How To Get Reasonable Estimates From Home Builders
A host of factors determine a home construction estimate. We break down the basic costs of new home construction.
Building a house involves long-standing cost implications for the owner if they haven’t critically evaluated how a builder costs the project, according to Clarence Homes. When a home construction contractor presents a bid or a proposal, they show what it would cost them to execute each construction phase, which is quantified based on the floor plan shaped by an architect. These estimates may change as the construction progresses, depending on contingencies and required changes to original design specifications.
The bid is not the official contract but leads you to create a win-win agreement between you and the contractor. Learn how a construction project is bid, estimated, quoted, and contracted in this blog: https://jobsite.procore.com/what-s-in-a-word-the-difference-between-an-estimate-quote-bid-and-proposal/.
The cost to build a house in North America averages anywhere from $400K to $900K, varying with the size, type, and location of the house and the degree to which it’s customized.
To ascertain if your project has been reasonably priced, here’s how construction estimates are stacked up.
- Setting cost baselines with a floor plan
Every construction project relies on an accurately built floor plan that specifies measurements with regard to different construction elements. Some of them include windows, doors, main rooms, kitchen, wall heights, external wall and roof width and length among others. Floor plans are indispensable in setting cost baselines as they will prevent arbitrary cost estimations by your builder in the case when they haven’t been adequately prepared and reviewed.
Your project contractor will calculate tentative estimates based on the floor plan, which total up to the final cost of the project. Divide it by the total square feet of your space, you will arrive at cost per square feet that’ll help you gauge budget allocation for other activities aside from actual construction.
- Measure up your cost against neighbouring homes
By taking homes that are near-comparable versions of your design build, you can ascertain if you’re paying more or less the same price as everyone so as to not end up being overcharged or underpaying the contractor. To get a specific figure, discount the price of the land from the home’s price and divide it by the price per square feet to check if the builder’s estimate is reasonable.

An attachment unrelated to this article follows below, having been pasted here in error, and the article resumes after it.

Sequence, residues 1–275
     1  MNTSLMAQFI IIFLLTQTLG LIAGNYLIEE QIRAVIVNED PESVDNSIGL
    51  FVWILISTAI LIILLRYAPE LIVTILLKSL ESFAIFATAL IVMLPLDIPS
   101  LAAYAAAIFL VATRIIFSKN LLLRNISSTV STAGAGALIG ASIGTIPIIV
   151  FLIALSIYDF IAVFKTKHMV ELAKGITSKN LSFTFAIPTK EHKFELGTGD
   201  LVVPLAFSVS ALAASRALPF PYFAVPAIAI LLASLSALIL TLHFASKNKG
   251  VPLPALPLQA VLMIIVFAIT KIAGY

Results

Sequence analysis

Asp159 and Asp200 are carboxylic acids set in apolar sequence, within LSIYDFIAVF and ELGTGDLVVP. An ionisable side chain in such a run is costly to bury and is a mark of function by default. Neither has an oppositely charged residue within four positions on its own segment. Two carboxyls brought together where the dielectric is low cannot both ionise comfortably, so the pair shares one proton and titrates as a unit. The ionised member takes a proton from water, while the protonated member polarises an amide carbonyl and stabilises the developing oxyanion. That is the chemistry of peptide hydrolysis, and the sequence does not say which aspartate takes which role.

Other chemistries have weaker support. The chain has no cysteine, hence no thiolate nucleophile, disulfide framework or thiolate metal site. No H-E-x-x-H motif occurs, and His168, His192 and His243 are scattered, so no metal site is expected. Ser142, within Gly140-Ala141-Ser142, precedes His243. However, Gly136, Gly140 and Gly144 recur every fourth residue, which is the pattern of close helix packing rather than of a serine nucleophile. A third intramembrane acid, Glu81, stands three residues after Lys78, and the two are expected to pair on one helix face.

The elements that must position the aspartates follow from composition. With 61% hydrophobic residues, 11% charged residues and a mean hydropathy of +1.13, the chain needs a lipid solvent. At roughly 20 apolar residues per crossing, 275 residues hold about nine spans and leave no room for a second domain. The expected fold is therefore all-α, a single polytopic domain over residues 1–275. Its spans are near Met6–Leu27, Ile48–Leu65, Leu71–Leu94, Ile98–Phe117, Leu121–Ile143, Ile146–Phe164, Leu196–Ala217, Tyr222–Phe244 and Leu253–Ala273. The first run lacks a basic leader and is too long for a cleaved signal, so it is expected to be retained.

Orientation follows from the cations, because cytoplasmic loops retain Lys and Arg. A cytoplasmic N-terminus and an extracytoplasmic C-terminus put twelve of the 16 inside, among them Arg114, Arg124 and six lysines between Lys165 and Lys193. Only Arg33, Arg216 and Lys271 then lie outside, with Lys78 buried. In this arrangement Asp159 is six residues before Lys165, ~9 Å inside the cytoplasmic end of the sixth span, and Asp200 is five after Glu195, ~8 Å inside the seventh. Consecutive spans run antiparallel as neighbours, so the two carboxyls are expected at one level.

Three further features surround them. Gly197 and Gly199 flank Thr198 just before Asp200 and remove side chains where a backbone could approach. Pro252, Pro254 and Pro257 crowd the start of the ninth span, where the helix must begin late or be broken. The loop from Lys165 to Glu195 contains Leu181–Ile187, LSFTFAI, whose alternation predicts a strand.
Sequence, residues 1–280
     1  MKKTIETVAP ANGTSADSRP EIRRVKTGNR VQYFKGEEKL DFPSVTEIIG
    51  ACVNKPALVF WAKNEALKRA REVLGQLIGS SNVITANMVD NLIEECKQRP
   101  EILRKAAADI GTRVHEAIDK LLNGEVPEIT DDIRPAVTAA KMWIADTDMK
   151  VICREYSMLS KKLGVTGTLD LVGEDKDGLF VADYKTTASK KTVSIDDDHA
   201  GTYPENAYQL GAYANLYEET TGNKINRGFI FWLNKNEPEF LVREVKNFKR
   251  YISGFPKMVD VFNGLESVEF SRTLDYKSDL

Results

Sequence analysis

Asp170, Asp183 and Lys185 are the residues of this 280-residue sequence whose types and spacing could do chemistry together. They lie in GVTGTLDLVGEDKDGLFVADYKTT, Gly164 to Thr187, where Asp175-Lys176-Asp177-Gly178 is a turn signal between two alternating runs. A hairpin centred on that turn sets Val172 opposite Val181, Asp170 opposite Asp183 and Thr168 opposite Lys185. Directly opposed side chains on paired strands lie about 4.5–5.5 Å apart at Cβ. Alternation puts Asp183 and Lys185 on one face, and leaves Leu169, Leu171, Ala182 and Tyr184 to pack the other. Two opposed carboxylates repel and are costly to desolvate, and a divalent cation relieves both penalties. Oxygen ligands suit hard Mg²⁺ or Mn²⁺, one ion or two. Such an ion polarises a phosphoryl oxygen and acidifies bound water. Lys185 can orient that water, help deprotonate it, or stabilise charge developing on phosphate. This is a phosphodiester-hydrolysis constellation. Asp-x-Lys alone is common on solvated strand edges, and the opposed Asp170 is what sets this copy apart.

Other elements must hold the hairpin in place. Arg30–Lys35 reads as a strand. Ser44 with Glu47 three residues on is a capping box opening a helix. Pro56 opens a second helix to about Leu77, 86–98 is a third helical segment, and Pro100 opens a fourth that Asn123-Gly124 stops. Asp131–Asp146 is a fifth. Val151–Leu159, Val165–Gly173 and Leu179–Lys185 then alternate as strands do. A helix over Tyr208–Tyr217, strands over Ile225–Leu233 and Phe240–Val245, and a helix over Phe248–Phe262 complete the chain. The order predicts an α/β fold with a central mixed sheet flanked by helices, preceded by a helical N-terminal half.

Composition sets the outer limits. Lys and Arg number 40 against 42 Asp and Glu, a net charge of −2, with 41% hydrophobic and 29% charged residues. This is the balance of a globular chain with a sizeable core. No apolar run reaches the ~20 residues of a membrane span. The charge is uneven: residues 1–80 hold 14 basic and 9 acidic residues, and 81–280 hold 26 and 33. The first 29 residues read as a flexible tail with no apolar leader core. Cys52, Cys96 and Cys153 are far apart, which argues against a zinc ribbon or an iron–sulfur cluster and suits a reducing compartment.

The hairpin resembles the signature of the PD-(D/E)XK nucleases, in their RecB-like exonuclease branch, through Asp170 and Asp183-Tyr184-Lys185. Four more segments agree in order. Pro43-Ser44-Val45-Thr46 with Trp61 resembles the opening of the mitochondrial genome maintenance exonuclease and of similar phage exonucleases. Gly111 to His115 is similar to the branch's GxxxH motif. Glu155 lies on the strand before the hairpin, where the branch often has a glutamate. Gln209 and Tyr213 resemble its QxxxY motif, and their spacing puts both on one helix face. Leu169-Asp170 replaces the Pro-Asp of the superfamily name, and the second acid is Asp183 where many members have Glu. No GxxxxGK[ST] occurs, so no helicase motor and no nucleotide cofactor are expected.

- Account for pre-construction expenses
What’s often part of a new property’s price are pre-construction expenses, which were made to make the site conducive for building a home. These expense heads include site preparation costs that may involve levelling the soil, felling trees, removing low-grade material that’s done using heavy equipment. Contractors will also add permit fees mandatory for new construction and relevant licenses needed to be obtained to establish electricity and sewage hook-ups. The final estimate can vary by the season you’re getting a new home built since labour availability is affected by seasonal shifts in employment, where a contractor might end up with fewer resources in an unemployment phase subsequently raising the property’s price.
Other pre- and WIP expenses include:
- HVAC installations
- Utility connection costs
- Septic system costs
- Fencing costs
- Sustainable lighting fixtures
- Specialty contractor costs
- Frontyard and backyard landscaping costs
- Factor in contingencies, exclusions, and customizations
What home was never customized? Every homeowner has a dream list of customizations that only specialized contractors can execute. These increase costs as original design specifications will have to be modified accordingly. Here are certain expense heads that must be factored in apart from building costs:
When a builder makes allowances for contingencies, they are specifying what it would cost to reinstall fixtures or rebuild a certain area if damages were to occur in the building process. These allowances should be fairly evaluated in the context of the type of materials being used in core construction and installations/fixtures. The higher the material grade, the greater the allowance.
- Specifications or specifics
Your contract should lay out detailed specifications about materials used in carrying out different construction activities. For instance, the manufacturer of the material, the model number, size, and weight will directly impact the final estimate.
If you’re building a new home, adequately discuss what you don’t want built. Ensure these exclusions are noted to accurately reflect in the final estimate. Your contractor cannot charge you for what was never approved as part of the contract. In another scenario, clarify project unknowns so that you can agree on cost revisions if a certain specification has to be eliminated from the original construction plan.
- Standard vs. special
Builders will bring their own materials once specifications have been finalized. If your home requires custom-built installations, the builder might have to purchase special materials that are termed “above-builder grade” as opposed to “standard builder grade” materials that are less superior in quality. Adjustments will need to be made in your initial contract if this a special customization gets included later in the construction process.
Getting fair estimates doesn’t stop at contract signoff. They will evolve as your construction progresses, and you must be prepared to proactively cost changes and contingencies as they occur.
We hope you’re confident about building and recognizing reasonable estimates for home construction.
Let us know in the comments if we’ve missed any component to pricing a home construction project!